Describe the scenario

Here, you can give this scenario a name and a description or leave the default ones. Click next when done.

Tune the scenario

This section consists of all the information related to the chaos scenario. It contains a pictorial visualization of the scenario and an option to edit the scenario yaml file.

Reliability Score

You can assign weights to the experiments present in the scenario. These weights will be then used for the calculation of the resilience score after the scenario completion. By default, 10 points are assigned to each experiment. This can be altered as per your use-case. After selecting weights click on the Next Button.


scenarios can be scheduled in two ways;

Select the Schedule now option and click next.

Verify and commit

Here, you can validate all the changes related to the chaos scenario like the chaos scenario name, the experiment weights, chaos scenario description, chaos scenario manifest, etc. Once you have verified all the changes, you can click the Finish button to start the schedule.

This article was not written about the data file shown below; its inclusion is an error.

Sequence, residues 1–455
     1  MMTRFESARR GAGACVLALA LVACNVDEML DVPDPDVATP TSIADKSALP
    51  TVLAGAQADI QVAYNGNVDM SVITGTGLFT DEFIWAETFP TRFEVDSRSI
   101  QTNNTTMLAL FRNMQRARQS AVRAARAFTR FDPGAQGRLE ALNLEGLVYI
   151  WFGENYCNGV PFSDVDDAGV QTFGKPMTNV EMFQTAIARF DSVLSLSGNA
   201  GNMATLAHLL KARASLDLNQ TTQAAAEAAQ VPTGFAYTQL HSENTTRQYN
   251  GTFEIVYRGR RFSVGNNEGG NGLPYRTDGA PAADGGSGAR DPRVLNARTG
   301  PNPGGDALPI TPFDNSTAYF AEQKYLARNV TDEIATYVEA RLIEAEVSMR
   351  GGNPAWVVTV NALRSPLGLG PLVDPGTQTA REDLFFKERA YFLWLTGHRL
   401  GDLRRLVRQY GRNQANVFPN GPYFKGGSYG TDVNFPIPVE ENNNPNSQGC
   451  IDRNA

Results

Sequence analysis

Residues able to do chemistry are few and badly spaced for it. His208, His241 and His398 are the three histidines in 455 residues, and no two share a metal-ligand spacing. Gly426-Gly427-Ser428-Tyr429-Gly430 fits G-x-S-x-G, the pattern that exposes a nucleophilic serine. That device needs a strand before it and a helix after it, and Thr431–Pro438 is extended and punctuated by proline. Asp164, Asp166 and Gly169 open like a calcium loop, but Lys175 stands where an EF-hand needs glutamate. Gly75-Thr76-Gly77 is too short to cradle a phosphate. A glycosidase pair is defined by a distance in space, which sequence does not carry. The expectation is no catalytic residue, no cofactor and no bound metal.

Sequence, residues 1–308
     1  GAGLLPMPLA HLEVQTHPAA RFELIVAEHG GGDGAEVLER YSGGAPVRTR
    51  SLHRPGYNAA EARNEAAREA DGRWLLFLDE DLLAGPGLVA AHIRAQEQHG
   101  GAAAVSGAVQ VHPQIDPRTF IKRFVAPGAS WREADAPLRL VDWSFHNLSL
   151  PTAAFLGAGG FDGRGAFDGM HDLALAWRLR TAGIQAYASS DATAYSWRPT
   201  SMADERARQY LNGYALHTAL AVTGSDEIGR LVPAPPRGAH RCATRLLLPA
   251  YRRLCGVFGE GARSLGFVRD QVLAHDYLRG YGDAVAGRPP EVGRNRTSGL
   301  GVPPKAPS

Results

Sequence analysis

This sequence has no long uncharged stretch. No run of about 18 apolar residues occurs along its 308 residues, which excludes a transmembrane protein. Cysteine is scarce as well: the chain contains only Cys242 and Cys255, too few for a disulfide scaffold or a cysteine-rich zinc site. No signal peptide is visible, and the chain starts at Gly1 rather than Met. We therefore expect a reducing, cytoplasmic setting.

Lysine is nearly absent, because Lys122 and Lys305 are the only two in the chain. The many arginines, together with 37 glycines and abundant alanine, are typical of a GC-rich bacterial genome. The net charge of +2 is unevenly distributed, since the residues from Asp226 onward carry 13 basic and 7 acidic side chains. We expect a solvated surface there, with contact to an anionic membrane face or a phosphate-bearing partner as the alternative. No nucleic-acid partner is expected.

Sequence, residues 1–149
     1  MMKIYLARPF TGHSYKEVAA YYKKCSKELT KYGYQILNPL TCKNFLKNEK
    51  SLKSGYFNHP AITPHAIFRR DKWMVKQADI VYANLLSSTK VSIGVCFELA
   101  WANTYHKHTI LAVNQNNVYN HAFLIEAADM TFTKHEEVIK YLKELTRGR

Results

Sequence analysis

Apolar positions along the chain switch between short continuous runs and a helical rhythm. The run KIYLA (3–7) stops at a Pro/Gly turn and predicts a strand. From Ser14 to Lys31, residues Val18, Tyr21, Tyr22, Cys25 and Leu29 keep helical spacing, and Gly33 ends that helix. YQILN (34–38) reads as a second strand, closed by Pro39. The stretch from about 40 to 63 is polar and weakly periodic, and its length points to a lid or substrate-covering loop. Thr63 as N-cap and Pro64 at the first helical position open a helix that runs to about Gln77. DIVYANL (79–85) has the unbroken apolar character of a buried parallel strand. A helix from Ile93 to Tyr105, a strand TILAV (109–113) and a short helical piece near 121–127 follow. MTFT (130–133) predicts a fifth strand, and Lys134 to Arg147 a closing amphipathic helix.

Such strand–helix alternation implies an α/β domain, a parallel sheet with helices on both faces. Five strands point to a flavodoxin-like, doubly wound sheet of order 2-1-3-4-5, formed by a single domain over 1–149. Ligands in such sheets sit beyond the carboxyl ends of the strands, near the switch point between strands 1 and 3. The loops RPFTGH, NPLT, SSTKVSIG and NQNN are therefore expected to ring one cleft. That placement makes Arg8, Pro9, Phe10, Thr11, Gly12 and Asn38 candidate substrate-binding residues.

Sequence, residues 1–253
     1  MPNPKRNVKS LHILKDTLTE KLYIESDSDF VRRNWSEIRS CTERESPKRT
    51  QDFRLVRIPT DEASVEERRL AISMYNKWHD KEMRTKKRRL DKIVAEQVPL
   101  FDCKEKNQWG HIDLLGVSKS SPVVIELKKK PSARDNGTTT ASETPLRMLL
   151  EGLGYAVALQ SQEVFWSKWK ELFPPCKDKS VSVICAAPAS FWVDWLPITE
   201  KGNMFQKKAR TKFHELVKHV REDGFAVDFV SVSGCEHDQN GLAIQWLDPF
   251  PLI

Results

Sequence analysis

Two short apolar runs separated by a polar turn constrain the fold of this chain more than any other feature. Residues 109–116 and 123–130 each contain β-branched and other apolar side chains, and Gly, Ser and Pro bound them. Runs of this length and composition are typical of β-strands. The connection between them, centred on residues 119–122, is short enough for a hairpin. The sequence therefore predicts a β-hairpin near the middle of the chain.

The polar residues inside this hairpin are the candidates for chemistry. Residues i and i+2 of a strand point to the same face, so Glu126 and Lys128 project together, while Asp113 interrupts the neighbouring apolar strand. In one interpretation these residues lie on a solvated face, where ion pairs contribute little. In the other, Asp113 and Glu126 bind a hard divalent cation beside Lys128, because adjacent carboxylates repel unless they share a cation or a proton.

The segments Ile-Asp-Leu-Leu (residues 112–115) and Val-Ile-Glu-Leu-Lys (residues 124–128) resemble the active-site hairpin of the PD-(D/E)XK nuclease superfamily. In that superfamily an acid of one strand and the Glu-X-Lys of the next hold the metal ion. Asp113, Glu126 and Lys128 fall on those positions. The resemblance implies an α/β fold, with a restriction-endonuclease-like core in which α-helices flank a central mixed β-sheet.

Click the Go to chaos scenario button to see the chaos scenario in action.

In this tutorial, you were introduced to how to create a remote cluster on Google Kubernetes Engine and deploy ChaosCenter on it. Them, you learned what litmusctl is and how to use it to create a new chaos delegate on a remote cluster. Lastly, you learned how you can schedule your own chaos on this remote cluster using the chaos delegate you created.

Please visit us in our LitmusSlack Channel (in Kubernetes workspace) and tell us how you like LitmusChaos and this tutorial! We are happy to hear your thoughts & suggestions!